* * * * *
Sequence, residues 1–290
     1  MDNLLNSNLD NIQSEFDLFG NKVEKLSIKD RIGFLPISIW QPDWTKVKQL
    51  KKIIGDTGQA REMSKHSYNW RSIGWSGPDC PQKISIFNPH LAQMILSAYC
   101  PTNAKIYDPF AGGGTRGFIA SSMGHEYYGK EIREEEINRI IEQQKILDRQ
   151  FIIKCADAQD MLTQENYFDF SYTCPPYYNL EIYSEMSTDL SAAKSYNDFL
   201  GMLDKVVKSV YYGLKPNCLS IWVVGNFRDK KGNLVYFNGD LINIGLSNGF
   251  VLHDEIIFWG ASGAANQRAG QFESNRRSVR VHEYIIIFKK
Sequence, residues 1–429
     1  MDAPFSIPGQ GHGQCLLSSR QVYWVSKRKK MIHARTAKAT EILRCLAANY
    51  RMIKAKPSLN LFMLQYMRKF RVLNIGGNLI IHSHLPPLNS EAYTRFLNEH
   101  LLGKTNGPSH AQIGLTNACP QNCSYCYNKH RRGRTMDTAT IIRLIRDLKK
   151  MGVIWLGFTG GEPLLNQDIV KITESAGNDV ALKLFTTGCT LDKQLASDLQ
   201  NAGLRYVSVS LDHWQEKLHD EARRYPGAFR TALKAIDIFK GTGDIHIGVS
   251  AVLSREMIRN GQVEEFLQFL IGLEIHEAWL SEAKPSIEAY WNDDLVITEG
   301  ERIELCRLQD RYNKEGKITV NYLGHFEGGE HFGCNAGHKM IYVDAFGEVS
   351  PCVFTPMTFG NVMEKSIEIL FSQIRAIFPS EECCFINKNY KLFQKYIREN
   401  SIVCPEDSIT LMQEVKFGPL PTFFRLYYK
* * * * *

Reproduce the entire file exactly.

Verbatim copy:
Sequence, residues 1–290
     1  MDNLLNSNLD NIQSEFDLFG NKVEKLSIKD RIGFLPISIW QPDWTKVKQL
    51  KKIIGDTGQA REMSKHSYNW RSIGWSGPDC PQKISIFNPH LAQMILSAYC
   101  PTNAKIYDPF AGGGTRGFIA SSMGHEYYGK EIREEEINRI IEQQKILDRQ
   151  FIIKCADAQD MLTQENYFDF SYTCPPYYNL EIYSEMSTDL SAAKSYNDFL
   201  GMLDKVVKSV YYGLKPNCLS IWVVGNFRDK KGNLVYFNGD LINIGLSNGF
   251  VLHDEIIFWG ASGAANQRAG QFESNRRSVR VHEYIIIFKK
Sequence, residues 1–429
     1  MDAPFSIPGQ GHGQCLLSSR QVYWVSKRKK MIHARTAKAT EILRCLAANY
    51  RMIKAKPSLN LFMLQYMRKF RVLNIGGNLI IHSHLPPLNS EAYTRFLNEH
   101  LLGKTNGPSH AQIGLTNACP QNCSYCYNKH RRGRTMDTAT IIRLIRDLKK
   151  MGVIWLGFTG GEPLLNQDIV KITESAGNDV ALKLFTTGCT LDKQLASDLQ
   201  NAGLRYVSVS LDHWQEKLHD EARRYPGAFR TALKAIDIFK GTGDIHIGVS
   251  AVLSREMIRN GQVEEFLQFL IGLEIHEAWL SEAKPSIEAY WNDDLVITEG
   301  ERIELCRLQD RYNKEGKITV NYLGHFEGGE HFGCNAGHKM IYVDAFGEVS
   351  PCVFTPMTFG NVMEKSIEIL FSQIRAIFPS EECCFINKNY KLFQKYIREN
   401  SIVCPEDSIT LMQEVKFGPL PTFFRLYYK